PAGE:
US9281445B2 - Methods of fabricating light emitting diodes by masking and wet chemical etching - Google Patents

Methods of fabricating light emitting diodes by masking and wet chemical etching Download PDF

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US9281445B2
US9281445B2 US14/519,746 US201414519746A US9281445B2 US 9281445 B2 US9281445 B2 US 9281445B2 US 201414519746 A US201414519746 A US 201414519746A US 9281445 B2 US9281445 B2 US 9281445B2
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Matthew Donofrio
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Cree Inc
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    • HELECTRICITY
    • H01BASIC ELECTRIC ELEMENTS
    • H01LSEMICONDUCTOR DEVICES; ELECTRIC SOLID STATE DEVICES NOT OTHERWISE PROVIDED FOR
    • H01L33/00Semiconductor devices with at least one potential-jump barrier or surface barrier specially adapted for light emission; Processes or apparatus specially adapted for the manufacture or treatment thereof or of parts thereof; Details thereof
    • H01L33/02Semiconductor devices with at least one potential-jump barrier or surface barrier specially adapted for light emission; Processes or apparatus specially adapted for the manufacture or treatment thereof or of parts thereof; Details thereof characterised by the semiconductor bodies
    • H01L33/20Semiconductor devices with at least one potential-jump barrier or surface barrier specially adapted for light emission; Processes or apparatus specially adapted for the manufacture or treatment thereof or of parts thereof; Details thereof characterised by the semiconductor bodies with a particular shape, e.g. curved or truncated substrate
    • H01L33/22Roughened surfaces, e.g. at the interface between epitaxial layers
    • HELECTRICITY
    • H01BASIC ELECTRIC ELEMENTS
    • H01LSEMICONDUCTOR DEVICES; ELECTRIC SOLID STATE DEVICES NOT OTHERWISE PROVIDED FOR
    • H01L33/00Semiconductor devices with at least one potential-jump barrier or surface barrier specially adapted for light emission; Processes or apparatus specially adapted for the manufacture or treatment thereof or of parts thereof; Details thereof
    • H01L33/02Semiconductor devices with at least one potential-jump barrier or surface barrier specially adapted for light emission; Processes or apparatus specially adapted for the manufacture or treatment thereof or of parts thereof; Details thereof characterised by the semiconductor bodies
    • H01L33/20Semiconductor devices with at least one potential-jump barrier or surface barrier specially adapted for light emission; Processes or apparatus specially adapted for the manufacture or treatment thereof or of parts thereof; Details thereof characterised by the semiconductor bodies with a particular shape, e.g. curved or truncated substrate
    • HELECTRICITY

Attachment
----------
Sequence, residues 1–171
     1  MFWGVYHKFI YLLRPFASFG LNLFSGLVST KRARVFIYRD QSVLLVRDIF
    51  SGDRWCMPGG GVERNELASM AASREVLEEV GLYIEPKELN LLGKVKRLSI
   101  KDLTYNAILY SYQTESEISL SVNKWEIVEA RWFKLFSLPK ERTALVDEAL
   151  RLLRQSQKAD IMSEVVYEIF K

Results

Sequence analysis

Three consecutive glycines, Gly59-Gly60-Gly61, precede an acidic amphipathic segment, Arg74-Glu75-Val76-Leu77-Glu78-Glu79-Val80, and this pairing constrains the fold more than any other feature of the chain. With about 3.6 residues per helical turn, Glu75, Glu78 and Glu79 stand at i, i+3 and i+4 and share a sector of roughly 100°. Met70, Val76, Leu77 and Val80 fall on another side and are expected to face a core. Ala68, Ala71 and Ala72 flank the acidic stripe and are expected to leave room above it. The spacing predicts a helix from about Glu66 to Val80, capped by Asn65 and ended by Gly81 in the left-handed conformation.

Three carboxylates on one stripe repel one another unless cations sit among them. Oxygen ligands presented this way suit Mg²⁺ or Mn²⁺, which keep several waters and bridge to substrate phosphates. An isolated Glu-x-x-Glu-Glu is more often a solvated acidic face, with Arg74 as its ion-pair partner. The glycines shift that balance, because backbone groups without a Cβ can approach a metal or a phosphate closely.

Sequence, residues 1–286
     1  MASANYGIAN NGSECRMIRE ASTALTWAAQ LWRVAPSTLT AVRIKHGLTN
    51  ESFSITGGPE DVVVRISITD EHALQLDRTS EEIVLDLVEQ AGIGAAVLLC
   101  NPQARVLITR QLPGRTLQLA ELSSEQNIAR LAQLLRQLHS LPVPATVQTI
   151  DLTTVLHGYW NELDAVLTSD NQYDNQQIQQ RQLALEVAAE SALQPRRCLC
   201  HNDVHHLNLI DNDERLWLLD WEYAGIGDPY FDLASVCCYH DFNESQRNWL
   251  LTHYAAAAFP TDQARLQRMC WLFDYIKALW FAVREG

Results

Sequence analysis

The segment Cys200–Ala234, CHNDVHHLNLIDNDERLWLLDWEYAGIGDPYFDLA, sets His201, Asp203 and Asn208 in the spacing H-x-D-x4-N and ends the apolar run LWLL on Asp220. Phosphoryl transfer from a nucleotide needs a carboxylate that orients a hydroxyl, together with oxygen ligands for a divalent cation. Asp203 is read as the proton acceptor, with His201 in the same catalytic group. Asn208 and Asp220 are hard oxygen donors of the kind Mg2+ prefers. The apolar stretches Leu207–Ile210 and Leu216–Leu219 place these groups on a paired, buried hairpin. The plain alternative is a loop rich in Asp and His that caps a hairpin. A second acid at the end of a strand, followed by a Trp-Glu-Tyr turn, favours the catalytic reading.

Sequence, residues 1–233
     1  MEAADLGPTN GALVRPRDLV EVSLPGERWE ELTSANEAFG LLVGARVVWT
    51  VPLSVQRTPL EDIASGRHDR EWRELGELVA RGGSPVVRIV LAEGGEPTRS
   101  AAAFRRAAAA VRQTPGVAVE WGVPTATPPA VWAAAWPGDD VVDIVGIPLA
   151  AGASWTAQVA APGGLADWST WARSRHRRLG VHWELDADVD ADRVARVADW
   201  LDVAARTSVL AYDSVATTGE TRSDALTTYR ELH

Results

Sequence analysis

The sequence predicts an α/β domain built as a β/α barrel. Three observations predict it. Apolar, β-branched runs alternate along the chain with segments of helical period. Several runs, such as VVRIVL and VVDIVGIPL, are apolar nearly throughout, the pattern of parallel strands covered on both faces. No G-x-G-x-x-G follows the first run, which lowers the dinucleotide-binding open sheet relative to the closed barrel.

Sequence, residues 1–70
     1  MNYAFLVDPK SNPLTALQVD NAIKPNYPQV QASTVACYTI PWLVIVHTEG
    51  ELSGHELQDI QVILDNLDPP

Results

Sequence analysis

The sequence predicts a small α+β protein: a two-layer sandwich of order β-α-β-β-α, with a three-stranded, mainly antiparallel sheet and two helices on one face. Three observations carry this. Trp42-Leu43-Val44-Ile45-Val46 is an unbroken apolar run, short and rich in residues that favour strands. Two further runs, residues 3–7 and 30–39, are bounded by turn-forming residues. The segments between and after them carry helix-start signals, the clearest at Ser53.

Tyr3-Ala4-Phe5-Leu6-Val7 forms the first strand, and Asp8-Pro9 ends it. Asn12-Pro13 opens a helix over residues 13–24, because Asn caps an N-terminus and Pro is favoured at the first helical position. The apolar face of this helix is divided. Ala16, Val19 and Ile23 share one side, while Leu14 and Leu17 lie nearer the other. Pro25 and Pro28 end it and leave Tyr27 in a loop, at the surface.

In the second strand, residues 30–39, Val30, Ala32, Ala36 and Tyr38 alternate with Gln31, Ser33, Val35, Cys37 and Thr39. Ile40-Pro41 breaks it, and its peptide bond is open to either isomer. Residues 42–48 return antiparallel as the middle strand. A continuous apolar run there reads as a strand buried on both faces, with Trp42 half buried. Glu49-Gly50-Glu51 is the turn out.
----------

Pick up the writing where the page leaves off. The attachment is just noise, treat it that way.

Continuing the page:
• H01BASIC ELECTRIC ELEMENTS
    • H01LSEMICONDUCTOR DEVICES; ELECTRIC SOLID STATE DEVICES NOT OTHERWISE PROVIDED FOR
    • H01L33/00Semiconductor devices with at least one potential-jump barrier or surface barrier specially adapted for light emission; Processes or apparatus specially adapted for the manufacture or treatment thereof or of parts thereof; Details thereof
    • H01L33/02Semiconductor devices with at least one potential-jump barrier or surface barrier specially adapted for light emission; Processes or apparatus specially adapted for the manufacture or treatment thereof or of parts thereof; Details thereof characterised by the semiconductor bodies
    • H01L33/26Materials of the light emitting region
    • H01L33/30Materials of the light emitting region containing only elements of group III and group V of the periodic system
    • H01L33/32Materials of the light emitting region containing only elements of group III and group V of the periodic system containing nitrogen
    • HELECTRICITY
    • H01BASIC ELECTRIC ELEMENTS
    • H01LSEMICONDUCTOR DEVICES; ELECTRIC SOLID STATE DEVICES NOT OTHERWISE PROVIDED FOR
    • H01L33/00Semiconductor devices with at least one potential-jump barrier or surface barrier specially adapted for light emission; Processes or apparatus specially adapted for the manufacture or treatment thereof or of parts thereof; Details thereof
    • H01L33/36Semiconductor devices with at least one potential-jump barrier or surface barrier specially adapted for light emission; Processes or apparatus specially adapted for the manufacture or treatment thereof or of parts thereof; Details thereof characterised by the electrodes
    • H01L33/40Materials therefor
    • H01L33/42Transparent materials
    • HELECTRICITY
    • H01BASIC ELECTRIC ELEMENTS
    • H01LSEMICONDUCTOR DEVICES; ELECTRIC SOLID STATE DEVICES NOT OTHERWISE PROVIDED FOR
    • H01L33/00Semiconductor devices with at least one potential-jump barrier or surface barrier specially adapted for light emission; Processes or apparatus specially adapted for the manufacture or treatment thereof or of parts thereof; Details thereof
    • H01L33/005Processes
    • H01L33/0062Processes for devices with an active region comprising only III-V compounds
    • H01L33/0066Processes for devices with an active region comprising only III-V compounds with a substrate not being a III-V compound
    • H01L33/007Processes for devices with an active region comprising only III-V compounds with a substrate not being a III-V compound comprising nitride compounds
    • HELECTRICITY
    • H01BASIC ELECTRIC ELEMENTS